I’ve been writing a lot for I Search for Traps lately, but through my discussions of table-top RPGs I’ve come across an old question that I’ve encountered when I was studying the world of video games: What is a good game?
On the surface, it’s a simple question, but if you dig a bit deeper, you realize that it isn’t one with a simple answer.
When talking to game developers, “making a good game” is a goal that I often heard. However, difficulties appear when comes time to define, exactly, what a good game is. Part of the answers that I’ve gotten over the years involve terms like “fun,” “innovative,” “unique,” “trend-setting,” etc, which leads me to wonder what is the relationship between a “good game” and innovation.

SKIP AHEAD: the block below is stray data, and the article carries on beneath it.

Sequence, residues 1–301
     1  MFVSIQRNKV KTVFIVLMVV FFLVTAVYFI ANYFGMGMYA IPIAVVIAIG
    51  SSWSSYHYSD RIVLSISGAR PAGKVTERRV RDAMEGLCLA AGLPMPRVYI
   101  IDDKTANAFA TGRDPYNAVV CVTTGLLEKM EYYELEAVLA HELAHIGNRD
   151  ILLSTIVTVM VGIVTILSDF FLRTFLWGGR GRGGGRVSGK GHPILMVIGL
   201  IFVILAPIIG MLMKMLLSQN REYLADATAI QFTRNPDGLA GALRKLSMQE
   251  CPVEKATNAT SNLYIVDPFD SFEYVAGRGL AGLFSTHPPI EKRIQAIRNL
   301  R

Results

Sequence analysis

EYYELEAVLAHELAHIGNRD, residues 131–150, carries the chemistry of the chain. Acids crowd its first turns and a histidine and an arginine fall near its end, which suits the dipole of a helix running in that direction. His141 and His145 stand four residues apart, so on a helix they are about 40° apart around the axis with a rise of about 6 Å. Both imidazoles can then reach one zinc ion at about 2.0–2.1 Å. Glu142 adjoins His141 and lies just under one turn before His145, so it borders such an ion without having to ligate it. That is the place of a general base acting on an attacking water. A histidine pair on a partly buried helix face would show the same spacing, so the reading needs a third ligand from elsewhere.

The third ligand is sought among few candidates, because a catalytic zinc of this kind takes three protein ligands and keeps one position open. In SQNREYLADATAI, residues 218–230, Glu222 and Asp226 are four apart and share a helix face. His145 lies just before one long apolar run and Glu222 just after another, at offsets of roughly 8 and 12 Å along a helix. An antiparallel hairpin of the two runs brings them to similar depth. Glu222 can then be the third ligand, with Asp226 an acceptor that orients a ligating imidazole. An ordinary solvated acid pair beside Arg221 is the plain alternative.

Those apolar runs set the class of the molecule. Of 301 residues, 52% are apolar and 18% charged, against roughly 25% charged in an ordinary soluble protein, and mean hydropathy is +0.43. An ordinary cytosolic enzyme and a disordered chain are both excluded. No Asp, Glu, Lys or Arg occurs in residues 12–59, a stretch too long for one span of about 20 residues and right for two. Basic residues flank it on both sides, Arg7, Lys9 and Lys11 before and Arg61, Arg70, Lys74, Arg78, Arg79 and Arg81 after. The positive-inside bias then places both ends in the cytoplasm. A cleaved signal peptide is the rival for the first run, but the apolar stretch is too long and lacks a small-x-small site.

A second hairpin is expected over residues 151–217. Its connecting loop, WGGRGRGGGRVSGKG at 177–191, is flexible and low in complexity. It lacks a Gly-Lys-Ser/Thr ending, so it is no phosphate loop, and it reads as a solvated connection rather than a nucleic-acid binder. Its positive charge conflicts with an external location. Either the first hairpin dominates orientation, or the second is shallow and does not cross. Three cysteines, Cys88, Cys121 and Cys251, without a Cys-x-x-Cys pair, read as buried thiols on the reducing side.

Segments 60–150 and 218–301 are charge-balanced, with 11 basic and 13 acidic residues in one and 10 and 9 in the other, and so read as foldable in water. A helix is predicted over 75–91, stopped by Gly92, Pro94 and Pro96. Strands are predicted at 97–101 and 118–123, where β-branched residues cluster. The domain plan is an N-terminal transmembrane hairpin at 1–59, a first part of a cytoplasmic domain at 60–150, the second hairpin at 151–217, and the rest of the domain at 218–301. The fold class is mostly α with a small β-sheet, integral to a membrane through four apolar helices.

Part of the problem in answering this simple question is that answers will be intensely personalized. One person’s criteria can be diametrically opposed to another’s, which makes any kind of metric difficult to pin down. If that’s the case, however, why do we keep talking about making or wanting good games, and using that concept as a classificatory category?
To be honest, I’m not really interested in defining a good game. Rather, I’m much more interested in why the discourse of “good games” keeps popping up over and over again in the strangest of places, each time with fairly similar characteristics, which indicates to me that the discourse of good games isn’t really about games at all. Rather, talking about good games appears to be a discussion of boundaries.